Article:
Farm visit series: MSU Sheep Teaching and Research Center
Learn more about the activities happening at the MSU Sheep Teaching and Research Center.
This is the newest article in a series focusing on the beautiful and active animal farms at Michigan State University! This article will focus on the MSU Sheep Teaching and Research Center (STRC). I recently sat down with Al Culham, manager of MSU STRC, to discuss both his role and the facility’s role in the MSU Animal Science Department.
Taylor: Please briefly describe your position and how long you've held it.
Al: I am the manager of MSU’s Sheep Teaching and Research Center. I started in this position in August of 2006. My duties include the daily management of the sheep flocks here at MSU. I oversee compliance with University regulations regarding animal care and use as well as environmental concerns. Additionally, I supervise and train student workers in animal care and sheep husbandry. Currently I am teaching the Sheep Management class and in the past have taught Live Animal and Carcass Evaluation as well as coached the Livestock and Evaluation teams. I also teach sheep labs and lectures in addition to live evaluation labs for the Introductory Animal Science Class. The farm is home to research projects, so I also assist with those as needed. Finally, I assist with MSU Block & Bridle as well as 4-H and FFA events using MSU sheep.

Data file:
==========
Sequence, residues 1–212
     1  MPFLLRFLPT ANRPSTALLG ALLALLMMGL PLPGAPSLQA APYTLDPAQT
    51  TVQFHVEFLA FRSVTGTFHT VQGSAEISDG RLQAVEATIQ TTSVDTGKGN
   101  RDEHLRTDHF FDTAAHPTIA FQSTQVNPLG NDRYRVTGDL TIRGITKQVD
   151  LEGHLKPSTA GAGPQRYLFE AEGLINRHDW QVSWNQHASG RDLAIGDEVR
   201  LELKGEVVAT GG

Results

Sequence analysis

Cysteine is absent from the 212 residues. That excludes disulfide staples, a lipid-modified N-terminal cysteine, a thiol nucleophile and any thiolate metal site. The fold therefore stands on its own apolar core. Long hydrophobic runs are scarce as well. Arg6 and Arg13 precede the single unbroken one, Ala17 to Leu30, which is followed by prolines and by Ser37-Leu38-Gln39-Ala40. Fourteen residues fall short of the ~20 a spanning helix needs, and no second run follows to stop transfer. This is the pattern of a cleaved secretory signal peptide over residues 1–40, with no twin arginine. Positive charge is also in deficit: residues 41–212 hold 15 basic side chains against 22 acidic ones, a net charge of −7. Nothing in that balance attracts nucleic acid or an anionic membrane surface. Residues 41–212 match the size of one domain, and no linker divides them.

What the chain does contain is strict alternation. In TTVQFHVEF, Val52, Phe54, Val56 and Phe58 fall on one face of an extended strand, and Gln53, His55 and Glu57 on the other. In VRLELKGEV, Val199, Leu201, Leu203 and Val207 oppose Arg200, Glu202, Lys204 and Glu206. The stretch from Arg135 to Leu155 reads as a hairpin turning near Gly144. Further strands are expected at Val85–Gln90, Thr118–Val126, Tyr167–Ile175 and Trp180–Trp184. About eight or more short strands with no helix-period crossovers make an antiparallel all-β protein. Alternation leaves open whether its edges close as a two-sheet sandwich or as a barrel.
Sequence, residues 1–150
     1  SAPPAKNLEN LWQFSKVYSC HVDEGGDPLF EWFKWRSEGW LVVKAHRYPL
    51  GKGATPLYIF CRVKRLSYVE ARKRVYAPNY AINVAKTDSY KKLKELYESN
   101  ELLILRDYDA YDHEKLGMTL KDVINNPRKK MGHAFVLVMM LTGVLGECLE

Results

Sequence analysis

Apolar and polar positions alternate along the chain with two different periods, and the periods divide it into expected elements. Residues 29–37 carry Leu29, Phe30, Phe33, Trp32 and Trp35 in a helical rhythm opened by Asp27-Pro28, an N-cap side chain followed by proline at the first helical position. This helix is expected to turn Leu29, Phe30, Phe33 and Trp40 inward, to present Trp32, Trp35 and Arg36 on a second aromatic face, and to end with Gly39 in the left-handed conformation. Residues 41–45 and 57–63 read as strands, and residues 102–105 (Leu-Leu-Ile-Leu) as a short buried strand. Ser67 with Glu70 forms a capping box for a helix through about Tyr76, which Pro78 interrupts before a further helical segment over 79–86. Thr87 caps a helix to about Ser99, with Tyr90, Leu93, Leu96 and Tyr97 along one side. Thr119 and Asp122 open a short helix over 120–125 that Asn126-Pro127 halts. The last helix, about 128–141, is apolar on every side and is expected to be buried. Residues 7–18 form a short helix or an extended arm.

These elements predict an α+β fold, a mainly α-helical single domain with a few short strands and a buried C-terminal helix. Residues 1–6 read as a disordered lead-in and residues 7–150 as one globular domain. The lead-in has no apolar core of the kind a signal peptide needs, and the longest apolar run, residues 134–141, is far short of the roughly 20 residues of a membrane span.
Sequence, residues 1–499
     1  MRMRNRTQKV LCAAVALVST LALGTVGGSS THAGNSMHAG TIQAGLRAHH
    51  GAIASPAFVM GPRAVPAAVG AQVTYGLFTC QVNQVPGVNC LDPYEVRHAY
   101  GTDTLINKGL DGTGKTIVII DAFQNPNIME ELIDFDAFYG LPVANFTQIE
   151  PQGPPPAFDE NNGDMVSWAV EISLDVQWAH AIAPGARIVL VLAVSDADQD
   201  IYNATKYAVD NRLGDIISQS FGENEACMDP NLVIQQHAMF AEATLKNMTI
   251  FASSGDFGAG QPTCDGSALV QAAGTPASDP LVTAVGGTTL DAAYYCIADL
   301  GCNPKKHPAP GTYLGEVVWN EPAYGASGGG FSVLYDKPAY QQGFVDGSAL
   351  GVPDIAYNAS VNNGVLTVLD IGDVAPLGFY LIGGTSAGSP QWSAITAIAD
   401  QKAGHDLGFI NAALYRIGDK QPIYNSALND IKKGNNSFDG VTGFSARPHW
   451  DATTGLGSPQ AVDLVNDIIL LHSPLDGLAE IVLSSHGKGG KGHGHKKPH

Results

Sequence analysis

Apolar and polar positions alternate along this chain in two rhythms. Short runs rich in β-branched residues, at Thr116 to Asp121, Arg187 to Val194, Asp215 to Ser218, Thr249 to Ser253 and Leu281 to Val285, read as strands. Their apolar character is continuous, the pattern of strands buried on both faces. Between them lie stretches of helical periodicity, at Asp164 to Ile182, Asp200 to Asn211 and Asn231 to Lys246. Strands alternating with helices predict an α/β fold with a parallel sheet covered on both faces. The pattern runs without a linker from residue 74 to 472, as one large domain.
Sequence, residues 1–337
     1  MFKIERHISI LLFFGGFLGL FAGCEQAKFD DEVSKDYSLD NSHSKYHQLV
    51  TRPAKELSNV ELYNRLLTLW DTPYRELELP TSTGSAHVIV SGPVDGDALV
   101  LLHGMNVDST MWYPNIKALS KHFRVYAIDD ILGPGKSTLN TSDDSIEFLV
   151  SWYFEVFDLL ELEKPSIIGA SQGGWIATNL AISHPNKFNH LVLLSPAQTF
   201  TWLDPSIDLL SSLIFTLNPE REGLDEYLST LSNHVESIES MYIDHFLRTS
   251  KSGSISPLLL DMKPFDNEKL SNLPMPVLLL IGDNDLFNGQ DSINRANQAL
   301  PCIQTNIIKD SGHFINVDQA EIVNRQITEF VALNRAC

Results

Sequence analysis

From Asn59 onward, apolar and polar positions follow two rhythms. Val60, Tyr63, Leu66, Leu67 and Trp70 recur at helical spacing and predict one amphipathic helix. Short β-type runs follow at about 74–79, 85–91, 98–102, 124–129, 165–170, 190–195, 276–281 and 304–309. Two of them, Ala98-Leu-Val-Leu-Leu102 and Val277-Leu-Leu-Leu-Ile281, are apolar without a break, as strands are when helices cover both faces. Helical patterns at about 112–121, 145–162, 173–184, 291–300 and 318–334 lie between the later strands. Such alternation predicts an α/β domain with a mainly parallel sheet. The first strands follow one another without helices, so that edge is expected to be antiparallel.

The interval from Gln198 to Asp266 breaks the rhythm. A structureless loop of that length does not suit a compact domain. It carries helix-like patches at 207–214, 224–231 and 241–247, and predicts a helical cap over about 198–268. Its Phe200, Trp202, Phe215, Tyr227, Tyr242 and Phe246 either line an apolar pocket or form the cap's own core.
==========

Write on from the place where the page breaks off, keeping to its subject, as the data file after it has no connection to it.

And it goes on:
Taylor: What is the best part of your job?
Al: The best part of my job by far is working with students. I work with students both as employees on the farm and in my classes. Working with them is definitely my favorite part.
Taylor: Could you tell us a little of the farm's history?
Al: The first sheep barn was built at MSU in 1865. The current sheep barn was built at the South Campus Farms in 1960. MSU STRC has long been noted for high quality purebred flocks with many national champions shown over the years. MSU STRC is currently noted as the source of the world’s fastest growing sheep as MSU Suffolk rams dominate the National Sheep Improvement Sire Summaries for growth. Twelve of the top 13 sires are MSU rams or sons of MSU rams. Recently, we have expanded the number or commercial ewes by 500 percent to facilitate applied research done by undergraduate and MSU Extension personnel.
Taylor: What type of activities take place on the farm (outside the usual farm duties)?
Al: With the increasing number of animal science majors with limited livestock backgrounds, the sheep center has become an important source of providing hands-on animal experience for students. This is accomplished by the use of sheep in labs of many animal science courses as well as students who work at the center. Also MSU Block & Bridle uses sheep for many of their activities including the Little International, 4-H Judging Contest and the Academic Quadrathalon. The number of applied undergraduate and extension research projects have greatly increased in number.
Taylor: Is the public able to visit the farm?
Al: The farm is open to the public for self-guided tours daily 8 a.m.-5p.m.
A big thank you to Al for sharing time away from his busy schedule with MSU Extension! Interested in learning even more about the MSU Sheep Teaching and Research Center? Visit their Facebook page, at MSU Sheep Teaching & Research Farm.
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